Jesus said (Luke 24:), "I am sending forth the promise of My Father upon you." He used the present tense (apostello) of the Greek verb. Many interpret this present tense as a rhetorical future. In other words, they maintain that Jesus was saying, "I am about to send forth" the promise of My Father upon you. However, it appears to me that Jesus meant that He was sending forth the Spirit in some measure that very evening. He was "already" sending forth the Spirit, even though the full outpouring was "not yet" happening.
The present tense fits well with what we read in John 20:22 which reads, "Receive the Holy Spirit." Although some hold that this was not an actual impartation of the Spirit at this time, I concur with the view that it was. Jesus was concerned, on the night after His resurrection, that the disciples experience the presence of the Spirit. Thus, there was an immediate impartation of the Spirit.
The Promise of My Father
What did Jesus mean by "the promise of the Father?" The term "promise" can refer to all the promised spiritual benefits in the Old Testament. However, "the promise of the Father" is generally taken to mean the Holy Spirit. With this in view, we must consider what promises about the Holy Spirit are included.
The apostle Paul treats the Spirit comprehensively. He mentions "the promise of the Spirit" in Galatians 3:14 and "the Holy Spirit of promise" in Ephesians 1:13. All the Old Testament prophetic passages about the Spirit lie in the background of his writings.
What specific promises about the Spirit does Jesus have in mind? Does He include all the Old Testament promises concerning the Spirit? Does Jesus include His comments in John's Gospel about the Spirit and, especially, the Paraclete? What about His teachings in Matthew and Mark?
These are intriguing questions, but here we will limit our comments to what we discover in Luke's writings. With regard to the Old Testament, the passage that stands out is Joel 2:28-32. On the Day of Pentecost Peter (Acts 2:17-21) cites the passage. The Holy Spirit would empower His disciples to prophesy. Clearly, this is included in the "promise of the Father."
It seems apparent in Luke's writings that Jesus at least had the prophecy of John the Baptist (Luke 3:16) in mind. In support of this, we note that on the eve of His ascension (Acts 1:5), Jesus cited John's prophecy. John the Baptist baptized in water, but Jesus would baptize in the Holy Spirit.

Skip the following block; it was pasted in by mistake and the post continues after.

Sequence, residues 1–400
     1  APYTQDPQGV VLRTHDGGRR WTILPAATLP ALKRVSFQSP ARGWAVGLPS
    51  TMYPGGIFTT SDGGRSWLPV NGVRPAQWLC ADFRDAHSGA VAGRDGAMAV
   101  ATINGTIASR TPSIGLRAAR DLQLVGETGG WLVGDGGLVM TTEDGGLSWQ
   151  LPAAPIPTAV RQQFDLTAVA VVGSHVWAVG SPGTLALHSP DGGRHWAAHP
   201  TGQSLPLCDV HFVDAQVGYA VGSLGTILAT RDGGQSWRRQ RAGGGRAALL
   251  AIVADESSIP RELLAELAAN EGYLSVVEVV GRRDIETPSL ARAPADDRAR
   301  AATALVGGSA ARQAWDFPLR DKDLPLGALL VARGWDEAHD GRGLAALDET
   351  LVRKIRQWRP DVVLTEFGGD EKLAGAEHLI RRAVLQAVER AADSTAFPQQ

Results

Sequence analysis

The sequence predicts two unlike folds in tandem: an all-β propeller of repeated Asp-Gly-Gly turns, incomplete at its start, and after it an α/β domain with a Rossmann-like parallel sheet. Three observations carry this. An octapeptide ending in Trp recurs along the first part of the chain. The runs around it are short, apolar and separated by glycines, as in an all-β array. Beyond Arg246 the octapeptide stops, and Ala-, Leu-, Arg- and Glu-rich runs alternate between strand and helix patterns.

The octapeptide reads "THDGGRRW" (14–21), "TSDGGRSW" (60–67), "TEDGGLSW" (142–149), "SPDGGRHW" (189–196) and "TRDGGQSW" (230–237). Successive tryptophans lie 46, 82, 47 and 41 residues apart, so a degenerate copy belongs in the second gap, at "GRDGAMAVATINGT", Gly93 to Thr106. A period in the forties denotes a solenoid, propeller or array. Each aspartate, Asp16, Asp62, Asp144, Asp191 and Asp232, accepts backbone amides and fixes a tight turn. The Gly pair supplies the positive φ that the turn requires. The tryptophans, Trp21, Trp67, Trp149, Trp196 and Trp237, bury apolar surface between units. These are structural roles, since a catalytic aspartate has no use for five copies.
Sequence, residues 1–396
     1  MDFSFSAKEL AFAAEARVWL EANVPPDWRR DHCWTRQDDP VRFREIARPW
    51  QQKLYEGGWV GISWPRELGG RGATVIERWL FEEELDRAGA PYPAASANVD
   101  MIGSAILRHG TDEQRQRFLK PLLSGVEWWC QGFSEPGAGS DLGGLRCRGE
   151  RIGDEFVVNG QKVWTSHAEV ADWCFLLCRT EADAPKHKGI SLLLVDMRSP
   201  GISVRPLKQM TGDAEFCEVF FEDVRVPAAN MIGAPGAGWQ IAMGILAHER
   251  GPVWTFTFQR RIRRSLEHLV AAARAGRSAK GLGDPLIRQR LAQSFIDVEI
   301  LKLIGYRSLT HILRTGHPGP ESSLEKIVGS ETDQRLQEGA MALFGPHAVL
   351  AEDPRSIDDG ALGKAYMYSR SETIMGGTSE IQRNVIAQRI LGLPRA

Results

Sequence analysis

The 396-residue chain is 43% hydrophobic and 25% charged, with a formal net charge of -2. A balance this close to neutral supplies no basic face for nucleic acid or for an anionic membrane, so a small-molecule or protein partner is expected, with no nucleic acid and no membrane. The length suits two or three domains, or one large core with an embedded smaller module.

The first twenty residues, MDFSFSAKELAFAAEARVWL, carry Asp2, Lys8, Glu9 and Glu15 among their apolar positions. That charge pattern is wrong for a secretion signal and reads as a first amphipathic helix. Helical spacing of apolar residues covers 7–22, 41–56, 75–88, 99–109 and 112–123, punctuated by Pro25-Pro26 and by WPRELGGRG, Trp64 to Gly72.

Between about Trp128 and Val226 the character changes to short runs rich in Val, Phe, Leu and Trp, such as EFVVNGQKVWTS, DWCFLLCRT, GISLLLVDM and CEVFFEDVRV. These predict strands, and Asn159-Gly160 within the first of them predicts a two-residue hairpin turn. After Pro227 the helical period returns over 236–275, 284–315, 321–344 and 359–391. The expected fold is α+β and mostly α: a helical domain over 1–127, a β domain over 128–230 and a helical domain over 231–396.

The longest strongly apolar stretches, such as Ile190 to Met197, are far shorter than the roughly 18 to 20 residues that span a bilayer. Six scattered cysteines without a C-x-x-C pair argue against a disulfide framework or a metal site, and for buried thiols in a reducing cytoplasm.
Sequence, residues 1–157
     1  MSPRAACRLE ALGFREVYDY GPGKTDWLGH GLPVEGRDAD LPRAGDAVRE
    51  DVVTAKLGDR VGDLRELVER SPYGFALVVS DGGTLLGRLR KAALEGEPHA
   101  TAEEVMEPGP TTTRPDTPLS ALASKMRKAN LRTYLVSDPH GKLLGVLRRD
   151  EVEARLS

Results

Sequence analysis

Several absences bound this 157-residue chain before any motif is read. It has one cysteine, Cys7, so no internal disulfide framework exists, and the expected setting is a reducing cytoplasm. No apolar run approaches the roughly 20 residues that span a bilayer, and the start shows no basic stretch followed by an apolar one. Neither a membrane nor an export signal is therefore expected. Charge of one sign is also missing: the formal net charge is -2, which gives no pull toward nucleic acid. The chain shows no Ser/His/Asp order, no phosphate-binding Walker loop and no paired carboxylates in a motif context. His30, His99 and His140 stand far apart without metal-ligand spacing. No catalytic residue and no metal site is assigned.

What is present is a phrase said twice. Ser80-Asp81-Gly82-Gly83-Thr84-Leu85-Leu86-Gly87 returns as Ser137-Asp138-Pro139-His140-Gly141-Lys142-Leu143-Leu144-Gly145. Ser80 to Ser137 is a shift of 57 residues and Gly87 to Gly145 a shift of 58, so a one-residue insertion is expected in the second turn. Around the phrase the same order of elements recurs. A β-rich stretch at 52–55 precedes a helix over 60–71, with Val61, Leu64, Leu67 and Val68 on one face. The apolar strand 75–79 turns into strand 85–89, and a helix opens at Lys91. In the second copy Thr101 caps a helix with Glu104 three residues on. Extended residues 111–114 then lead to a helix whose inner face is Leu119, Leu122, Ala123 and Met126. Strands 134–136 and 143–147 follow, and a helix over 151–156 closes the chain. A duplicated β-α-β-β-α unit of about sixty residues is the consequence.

Jesus' baptism would empower the disciples to be witnesses. According to Luke 24:, Jesus said: "you are to stay in the city until you are clothed with power from on high." Similarly, in Acts 1:8, Jesus promises the disciples, "you shall receive power when the Holy Spirit has come upon you."
Jesus commanded His disciples (Luke 24:) to wait in Jerusalem until they are "clothed (endusesthe) with power from on high." According to Robertson (p. 297), the verb is an indirect middle and means "put on yourselves" power from on high. However, Arndt and Gingrich (p. 263) regard the verb as a passive, meaning "be clothed with" power. Either way, the disciples are empowered by the Spirit. They will be "clothed with power" when the promise of the Father "comes "upon" them.
When we read this Scripture, we are reminded of Judges 6:34 which says, "the Spirit of the Lord came upon Gideon." According to Horton (p. 38), the Hebrew verb means "put on, was clothed with, clothed himself with." However, the meaning stands in contrast to Luke 24:. The meaning is not that Gideon put on the Spirit, but that the Spirit put on Gideon. The Spirit clothed Himself with Gideon. The end result, of course, is that Gideon was empowered by the Spirit.
Power from on High
Clearly, in Luke 24:, Jesus has in mind the power (dunamin) dimension of the Spirit. The Spirit has power and bestows power. Thus, the Spirit and power are not exactly synonymous. This is made clear in Acts 1:8 where Jesus says, "you shall receive power after that the Holy Spirit has come upon you." The emphasis on power is consistent in Luke's writings about the Holy Spirit.
George M. Flattery